“My power is untethered and ever-growing.”
The high school crime genre is a tough one to crack. Is it supposed to be a study of adolescence and the romance and self-discovery within or should the focus be on a crime? There’s a gray area that few have cracked, arguably not since Rian Johnson’s Brick in 2005.
Kevin Phillips’ Super Dark Times has half of that code figured out thanks to a brooding, all too real atmosphere. It’s rare for a debut to have such success at world-building but that’s exactly where Phillips succeeds, attaching his camera to a reality that’s familiar enough to place its audience right in the musty basement with Zach (Owen Campbell) and Josh (Charlie Tahan).
The two best friends are on the couch looking at a yearbook, ranking their school’s girls and too hot for class teachers as only heard in high school locker rooms. These aren’t jocks, though, they’re what you’d expect the Stranger Things kids to be in a couple years. Admittedly, the comparison is partly because of the time period as Phillips pays meticulous attention to the setting of a character getting a separate phone line in her room to the cutouts of underwear models in Josh’s brother’s room.
It truly evokes the past like few films do without romanticization. There are few music cues and pop culture references are kept a minimum all together, the period is just a vehicle to the characters’ mindsets and communication was more intimate. Even phone calls were more physically connected with landlines. You had to know numbers and addresses instead of pressing a touchscreen, making the urgency and intimacy of every moment that much more pressing for Zach when confronting his feelings for Allison (Elizabeth Cappuccino), one of the girls he and Josh fawn over in the beginning.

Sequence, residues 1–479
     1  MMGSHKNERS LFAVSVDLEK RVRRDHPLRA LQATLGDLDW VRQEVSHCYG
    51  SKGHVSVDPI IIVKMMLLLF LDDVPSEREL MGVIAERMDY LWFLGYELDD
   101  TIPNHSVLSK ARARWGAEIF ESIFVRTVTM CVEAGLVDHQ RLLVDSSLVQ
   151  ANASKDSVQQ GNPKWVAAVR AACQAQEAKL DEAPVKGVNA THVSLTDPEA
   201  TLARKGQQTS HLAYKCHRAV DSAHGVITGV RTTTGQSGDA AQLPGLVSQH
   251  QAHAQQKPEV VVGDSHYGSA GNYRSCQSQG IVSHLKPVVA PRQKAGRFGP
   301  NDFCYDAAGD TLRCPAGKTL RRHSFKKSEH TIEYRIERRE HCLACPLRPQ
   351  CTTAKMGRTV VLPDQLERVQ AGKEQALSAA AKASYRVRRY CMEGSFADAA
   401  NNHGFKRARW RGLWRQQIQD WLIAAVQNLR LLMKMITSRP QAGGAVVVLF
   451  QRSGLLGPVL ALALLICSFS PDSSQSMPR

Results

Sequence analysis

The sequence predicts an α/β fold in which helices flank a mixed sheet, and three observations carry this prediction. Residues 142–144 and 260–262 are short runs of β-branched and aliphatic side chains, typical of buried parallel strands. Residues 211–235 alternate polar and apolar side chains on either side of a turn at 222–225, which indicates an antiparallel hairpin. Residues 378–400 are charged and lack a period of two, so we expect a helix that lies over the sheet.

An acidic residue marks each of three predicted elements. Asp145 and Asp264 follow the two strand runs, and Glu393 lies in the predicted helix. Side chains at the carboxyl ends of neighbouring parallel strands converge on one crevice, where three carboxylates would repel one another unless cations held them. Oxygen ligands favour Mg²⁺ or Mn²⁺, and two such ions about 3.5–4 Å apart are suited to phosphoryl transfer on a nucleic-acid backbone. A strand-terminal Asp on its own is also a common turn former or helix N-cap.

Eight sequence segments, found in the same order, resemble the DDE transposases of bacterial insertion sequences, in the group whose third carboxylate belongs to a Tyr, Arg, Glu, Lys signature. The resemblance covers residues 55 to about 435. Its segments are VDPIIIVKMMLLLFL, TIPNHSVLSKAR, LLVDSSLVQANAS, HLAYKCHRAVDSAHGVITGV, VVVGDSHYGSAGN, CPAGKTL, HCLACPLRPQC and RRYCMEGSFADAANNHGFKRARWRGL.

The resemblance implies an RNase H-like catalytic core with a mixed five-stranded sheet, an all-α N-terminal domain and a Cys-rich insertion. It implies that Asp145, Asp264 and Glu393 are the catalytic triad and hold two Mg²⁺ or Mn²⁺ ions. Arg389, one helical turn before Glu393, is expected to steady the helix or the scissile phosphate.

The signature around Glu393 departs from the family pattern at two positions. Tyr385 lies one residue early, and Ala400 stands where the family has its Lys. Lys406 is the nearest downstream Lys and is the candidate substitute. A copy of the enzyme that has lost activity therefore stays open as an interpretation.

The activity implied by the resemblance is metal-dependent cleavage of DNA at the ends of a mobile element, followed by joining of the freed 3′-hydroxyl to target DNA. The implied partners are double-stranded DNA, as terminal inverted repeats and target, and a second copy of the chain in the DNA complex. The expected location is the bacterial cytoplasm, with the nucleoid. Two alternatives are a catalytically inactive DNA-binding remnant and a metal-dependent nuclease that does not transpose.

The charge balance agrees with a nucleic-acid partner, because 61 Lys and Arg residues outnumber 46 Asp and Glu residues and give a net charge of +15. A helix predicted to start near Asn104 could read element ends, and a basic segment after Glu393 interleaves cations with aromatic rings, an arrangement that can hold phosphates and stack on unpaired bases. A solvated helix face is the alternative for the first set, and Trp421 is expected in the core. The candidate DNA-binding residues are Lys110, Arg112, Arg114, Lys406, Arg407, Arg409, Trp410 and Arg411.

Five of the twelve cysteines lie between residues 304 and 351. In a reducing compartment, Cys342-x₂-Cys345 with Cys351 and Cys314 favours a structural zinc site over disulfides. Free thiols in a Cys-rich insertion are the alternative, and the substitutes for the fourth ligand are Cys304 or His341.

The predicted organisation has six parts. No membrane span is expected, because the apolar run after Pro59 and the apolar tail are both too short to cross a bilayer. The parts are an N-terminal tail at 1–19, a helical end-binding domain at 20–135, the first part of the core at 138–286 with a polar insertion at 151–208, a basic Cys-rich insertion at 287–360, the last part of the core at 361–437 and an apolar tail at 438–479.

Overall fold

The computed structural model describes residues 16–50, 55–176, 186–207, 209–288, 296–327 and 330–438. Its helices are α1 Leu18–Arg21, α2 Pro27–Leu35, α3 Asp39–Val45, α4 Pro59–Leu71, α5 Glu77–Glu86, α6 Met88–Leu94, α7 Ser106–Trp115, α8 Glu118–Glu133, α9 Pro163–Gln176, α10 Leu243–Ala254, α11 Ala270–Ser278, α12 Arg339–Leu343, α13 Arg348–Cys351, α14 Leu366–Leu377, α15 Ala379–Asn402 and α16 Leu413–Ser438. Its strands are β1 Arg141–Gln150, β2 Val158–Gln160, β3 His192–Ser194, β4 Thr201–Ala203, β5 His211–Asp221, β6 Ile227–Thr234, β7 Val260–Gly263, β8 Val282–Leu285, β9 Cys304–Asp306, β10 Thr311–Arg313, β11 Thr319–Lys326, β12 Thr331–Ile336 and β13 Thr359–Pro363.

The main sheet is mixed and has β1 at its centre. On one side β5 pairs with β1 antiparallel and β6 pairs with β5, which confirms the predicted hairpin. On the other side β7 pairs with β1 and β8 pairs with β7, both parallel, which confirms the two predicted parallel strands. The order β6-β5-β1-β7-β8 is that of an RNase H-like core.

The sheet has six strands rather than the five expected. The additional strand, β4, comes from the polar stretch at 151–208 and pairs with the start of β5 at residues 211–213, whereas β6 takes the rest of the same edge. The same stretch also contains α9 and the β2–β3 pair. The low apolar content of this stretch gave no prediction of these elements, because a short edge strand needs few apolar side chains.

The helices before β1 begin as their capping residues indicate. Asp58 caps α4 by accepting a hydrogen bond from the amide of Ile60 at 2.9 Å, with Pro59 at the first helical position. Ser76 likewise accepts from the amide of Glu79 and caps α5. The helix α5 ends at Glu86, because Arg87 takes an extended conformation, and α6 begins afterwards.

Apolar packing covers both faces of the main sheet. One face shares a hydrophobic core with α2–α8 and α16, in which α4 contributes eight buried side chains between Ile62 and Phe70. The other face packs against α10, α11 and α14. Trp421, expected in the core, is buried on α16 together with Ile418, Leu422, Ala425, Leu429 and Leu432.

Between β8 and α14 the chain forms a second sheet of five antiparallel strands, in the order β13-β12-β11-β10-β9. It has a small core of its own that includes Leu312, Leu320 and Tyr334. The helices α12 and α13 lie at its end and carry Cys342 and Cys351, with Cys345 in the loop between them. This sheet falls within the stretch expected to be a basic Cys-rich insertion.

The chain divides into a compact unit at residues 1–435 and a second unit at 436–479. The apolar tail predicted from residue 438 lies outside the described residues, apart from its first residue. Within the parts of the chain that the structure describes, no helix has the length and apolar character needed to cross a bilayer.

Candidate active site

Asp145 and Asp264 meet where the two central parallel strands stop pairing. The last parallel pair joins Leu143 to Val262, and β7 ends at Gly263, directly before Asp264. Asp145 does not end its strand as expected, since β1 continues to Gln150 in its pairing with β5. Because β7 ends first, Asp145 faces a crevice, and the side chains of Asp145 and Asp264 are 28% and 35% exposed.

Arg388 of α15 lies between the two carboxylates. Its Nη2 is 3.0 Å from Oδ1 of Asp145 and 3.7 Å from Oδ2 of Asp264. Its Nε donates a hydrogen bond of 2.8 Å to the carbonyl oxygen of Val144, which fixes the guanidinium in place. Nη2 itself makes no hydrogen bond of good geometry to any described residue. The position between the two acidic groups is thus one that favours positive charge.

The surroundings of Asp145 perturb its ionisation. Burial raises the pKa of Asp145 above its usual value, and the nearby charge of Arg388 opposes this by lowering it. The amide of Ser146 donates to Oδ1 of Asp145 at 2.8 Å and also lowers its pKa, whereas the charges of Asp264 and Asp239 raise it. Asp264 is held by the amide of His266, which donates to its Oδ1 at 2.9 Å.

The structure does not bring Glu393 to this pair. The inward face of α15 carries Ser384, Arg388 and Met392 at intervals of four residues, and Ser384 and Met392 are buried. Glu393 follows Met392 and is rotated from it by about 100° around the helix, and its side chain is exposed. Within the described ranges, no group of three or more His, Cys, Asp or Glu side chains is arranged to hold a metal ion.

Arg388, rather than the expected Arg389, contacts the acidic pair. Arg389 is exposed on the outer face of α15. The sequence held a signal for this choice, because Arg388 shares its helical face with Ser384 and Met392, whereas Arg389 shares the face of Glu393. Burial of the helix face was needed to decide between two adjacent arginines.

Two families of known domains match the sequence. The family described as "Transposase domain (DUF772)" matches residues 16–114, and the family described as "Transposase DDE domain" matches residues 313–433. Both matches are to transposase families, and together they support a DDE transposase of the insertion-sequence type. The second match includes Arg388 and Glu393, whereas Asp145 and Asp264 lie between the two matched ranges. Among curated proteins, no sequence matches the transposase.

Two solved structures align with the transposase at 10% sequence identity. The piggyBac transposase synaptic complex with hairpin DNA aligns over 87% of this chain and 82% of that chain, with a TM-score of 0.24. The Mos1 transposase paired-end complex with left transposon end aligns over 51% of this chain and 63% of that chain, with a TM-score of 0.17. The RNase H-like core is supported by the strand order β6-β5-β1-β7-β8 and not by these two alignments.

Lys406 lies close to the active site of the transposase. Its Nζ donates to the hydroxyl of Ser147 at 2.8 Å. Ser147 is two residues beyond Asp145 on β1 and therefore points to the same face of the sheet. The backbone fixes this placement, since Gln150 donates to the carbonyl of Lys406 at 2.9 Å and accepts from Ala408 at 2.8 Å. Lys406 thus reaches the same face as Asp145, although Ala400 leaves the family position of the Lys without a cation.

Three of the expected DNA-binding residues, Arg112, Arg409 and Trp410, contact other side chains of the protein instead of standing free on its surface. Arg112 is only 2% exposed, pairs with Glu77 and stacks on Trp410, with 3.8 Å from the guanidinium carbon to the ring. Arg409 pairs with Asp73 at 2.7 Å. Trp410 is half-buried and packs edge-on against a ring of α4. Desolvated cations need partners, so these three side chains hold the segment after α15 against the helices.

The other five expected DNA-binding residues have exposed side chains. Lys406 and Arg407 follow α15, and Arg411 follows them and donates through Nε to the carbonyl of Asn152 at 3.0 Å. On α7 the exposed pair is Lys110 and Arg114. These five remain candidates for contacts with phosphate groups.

But as stated, this is about a crime, it’s not just about adolescent fears of intimacy. Everything spirals out of control when Josh has a violent outburst with one of his and Zach’s new friends, Daryl (Max Talisman) who steals some weed from Josh’s brother and walks away with his authentic sword during the spat. And now that I said, sword, you can see where this goes. If you didn’t fill in the blank, Daryl ends up dead being stabbed in the jugular.
Even though it wasn’t directly anyone’s fault, the group spirals into a panic and agrees to cover it up and let Daryl become a missing person case- hiding all evidence and making it a crime scene in the process, failing to report the incident and holds up a mirror to youth’s idea of accountability being more feared than action.
This is the jumping off point where two paths emerge. Naturally, Zach and Josh each take a different route with the latter falling into a darker place. The more Zach begins to regret their decisions, everyone’s lives are put at greater risk of Josh becoming a loner Zach fears is a threat to anyone associated with the group. And the envious but certainly confusing relationship he develops with Allison is all the more motive for Josh to do something violent on purpose after drawing first blood.
But it’s after the accident with Darryl that interest slowly dies down, virtually leaving a 30-minute gap between acts. There’s most empty exposition in between that follows too many familiar beats of the concerned parent, lost teenage innocence, and the regular insecurities and annoying quirks in late pubescence.
By the time the dark, jaw-dropping final act begins, it’s too late to the whole film around to reach the peaks found in the first couple of acts thanks to the sympathetic and traumatic turns from its two leads.
There’s a lot to appreciate, especially how well it remixes the all too referenced Stand By Me and manages to be a non-nostalgic period piece. But there’s ultimately too much missing in between acts thanks a scattered focus to be completely successful.